Catherine Bond was a licensed marriage and family therapist when she had her first psychotic break. Her training did not protect her from relapsing into bipolar disorder.
But the recurrences didn’t stop her from becoming one of California’s leading mental health advocates and an early champion of peer support groups and the recovery treatment model.
“She was a leader and spokesperson for clients, who also embodied recovery in her own life,” said USC social work professor Marvin Southard, former director of the Los Angeles County Department of Mental Health.
Bond died Aug. 31 in a Los Angeles area hospital of complications from an illness. She was 79.
Bond earned her marriage and family therapy credential in 1975 after studying under Virginia Satir, an internationally known expert on family mental health.
She started what she later described as a highly lucrative business training other people to pass the licensing test. But after a suicide attempt landed her in a psychiatric unit for six weeks, Bond tried what she called a “geographic solution” to her disorder, moving to Boston, and eventually South Korea and Thailand, to teach English.
“What happened for the next 17 years or so was that I would work for a while and do pretty well and not take medication and not get therapy and not have support groups and try to be the lone ranger,” Bond said in an oral history for a UCLA website on the history of mental health in California. “And I would eventually end up overworking, overstressing, becoming irrational, and finally, ending up in a hospital.”
With a break in 1999, she returned to the U.S. and lived in the streets of Santa Monica for six months.
“I lost everything. I lost my luggage — I basically walked away from it because I was so completely into my delusional state, and found myself on the street in Santa Monica,” Bond said in the oral history. “And so I was convinced that it was meant to be, it was all very symbolic, full-circle. Except I was at the bottom not the top.”
A shelter referred her to a mental health clinic in West Los Angeles, where she was offered what she later said had been missing from her earlier treatment: The psychiatrist said she could get better, and she offered her choices.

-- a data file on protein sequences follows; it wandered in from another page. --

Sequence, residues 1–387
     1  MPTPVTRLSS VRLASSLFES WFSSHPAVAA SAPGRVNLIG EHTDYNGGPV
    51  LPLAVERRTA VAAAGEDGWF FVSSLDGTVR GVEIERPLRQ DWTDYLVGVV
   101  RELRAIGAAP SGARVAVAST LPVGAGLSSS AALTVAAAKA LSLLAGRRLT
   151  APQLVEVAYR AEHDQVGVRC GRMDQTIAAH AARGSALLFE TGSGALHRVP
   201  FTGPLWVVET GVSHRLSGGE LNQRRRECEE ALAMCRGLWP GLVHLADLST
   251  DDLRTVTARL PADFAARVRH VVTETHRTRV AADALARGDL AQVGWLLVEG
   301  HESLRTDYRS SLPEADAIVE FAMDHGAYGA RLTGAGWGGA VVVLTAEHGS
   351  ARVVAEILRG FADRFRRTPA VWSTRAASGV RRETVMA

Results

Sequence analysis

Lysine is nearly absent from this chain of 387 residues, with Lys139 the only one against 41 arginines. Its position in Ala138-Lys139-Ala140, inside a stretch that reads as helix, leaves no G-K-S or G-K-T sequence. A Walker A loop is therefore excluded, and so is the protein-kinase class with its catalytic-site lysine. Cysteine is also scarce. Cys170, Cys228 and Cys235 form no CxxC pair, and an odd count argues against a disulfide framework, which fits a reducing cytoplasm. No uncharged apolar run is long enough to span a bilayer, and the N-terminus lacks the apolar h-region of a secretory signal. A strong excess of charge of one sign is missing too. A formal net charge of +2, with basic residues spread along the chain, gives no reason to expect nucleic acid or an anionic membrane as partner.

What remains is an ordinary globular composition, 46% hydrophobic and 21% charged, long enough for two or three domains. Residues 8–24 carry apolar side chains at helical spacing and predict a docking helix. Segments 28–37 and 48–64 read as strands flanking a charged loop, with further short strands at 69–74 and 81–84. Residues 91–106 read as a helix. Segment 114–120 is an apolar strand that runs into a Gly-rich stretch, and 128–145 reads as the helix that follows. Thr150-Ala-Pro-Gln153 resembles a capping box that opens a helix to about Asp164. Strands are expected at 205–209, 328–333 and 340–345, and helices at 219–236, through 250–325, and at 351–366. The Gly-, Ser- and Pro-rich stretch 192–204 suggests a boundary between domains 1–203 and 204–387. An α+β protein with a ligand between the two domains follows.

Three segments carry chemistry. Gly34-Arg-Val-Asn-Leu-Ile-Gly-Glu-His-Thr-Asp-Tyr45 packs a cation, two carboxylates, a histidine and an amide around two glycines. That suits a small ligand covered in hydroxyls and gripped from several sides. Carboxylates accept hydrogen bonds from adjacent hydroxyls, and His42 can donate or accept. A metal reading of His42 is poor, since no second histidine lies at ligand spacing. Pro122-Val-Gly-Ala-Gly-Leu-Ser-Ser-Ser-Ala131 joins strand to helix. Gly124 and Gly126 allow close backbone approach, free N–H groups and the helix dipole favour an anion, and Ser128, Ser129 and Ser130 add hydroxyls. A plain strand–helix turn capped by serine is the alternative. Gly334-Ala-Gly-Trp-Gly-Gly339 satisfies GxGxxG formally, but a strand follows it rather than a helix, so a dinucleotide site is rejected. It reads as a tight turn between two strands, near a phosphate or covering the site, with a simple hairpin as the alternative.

“She didn’t just say, [tapping the table with each point], ‘Take the lithium, that’s what you need to take, you’re going to be chronically ill for the rest of your life, lithium’s the only thing that’s going to help you, take the lithium,’ ” Bond told the UCLA interviewer. “She said, ‘Look, [this] stuff doesn’t always work for everybody. Here are some other options.’ ”
Bond trained hundreds of people in peer support, self-help groups based on 12-step principles that are now mainstream in the mental health field. She was an important figure in easing Los Angeles County’s shift from the medical model to a recovery approach, which she defined in her oral history: “If the recovery model says you can get well and stay well, the medical model says you can get stable if you take medication and do what we tell you to do.”
She also taught clients to develop advanced directives featuring friends or other peers to call on in a crisis to avoid hospitalization.
In the UCLA interview, Bond explained why peers can be more helpful than professionals: “I can take you in my car because I don’t have some kind of liability with some kind of place that says you can’t drive somebody. I can go with you for a walk around the block and not worry that if you trip and I pick you up, that you’re gonna sue me. … I can sit with you at night at 3 a.m.”
Her positions included training coordinator for the Project Return Peer Support Network, training director for Mental Health America of Los Angeles and director at the California Network of Mental Health Clients in Sacramento, a consumer-run advocacy group. She also headed the consumer affairs department at county mental health.
Southard said Bond was a role model for mental health consumers because of and not despite her setbacks. With her training and personal experience, she was equally at home with homeless people and psychiatrists. Southard said Bond persuaded him to drop county rules punishing clients who relapsed into substance abuse.
“She was willing to stand up as a mental health professional and say she had a mental health illness,” said Ruth Hollman, executive director of Share self-help support groups and collaborative housing for mental health consumers.
“She could always see the diamond in the rough and inspire people to believe they could be someone more than a person with mental illness, and accomplish things in their lives,” said David A. Pilon, president of Mental Health America of Los Angeles.
Still, she reduced but could not eliminate her manic breaks and lapses into homelessness, friends said.
“It wasn’t because she wasn’t taking medication. She was under the care of doctors. It just would happen,” Hollman said. “At one point, she was staying at a friend’s condo and she starting selling things from the condo to get more money to buy things to do with. Once they’d get her stabilized again, she would be incredibly upset about what had happened.”
She also would return to advocacy and training.
“She was really quite striking — the number of times she struggled and was able to reconstitute herself and go back to work,” Pilon said.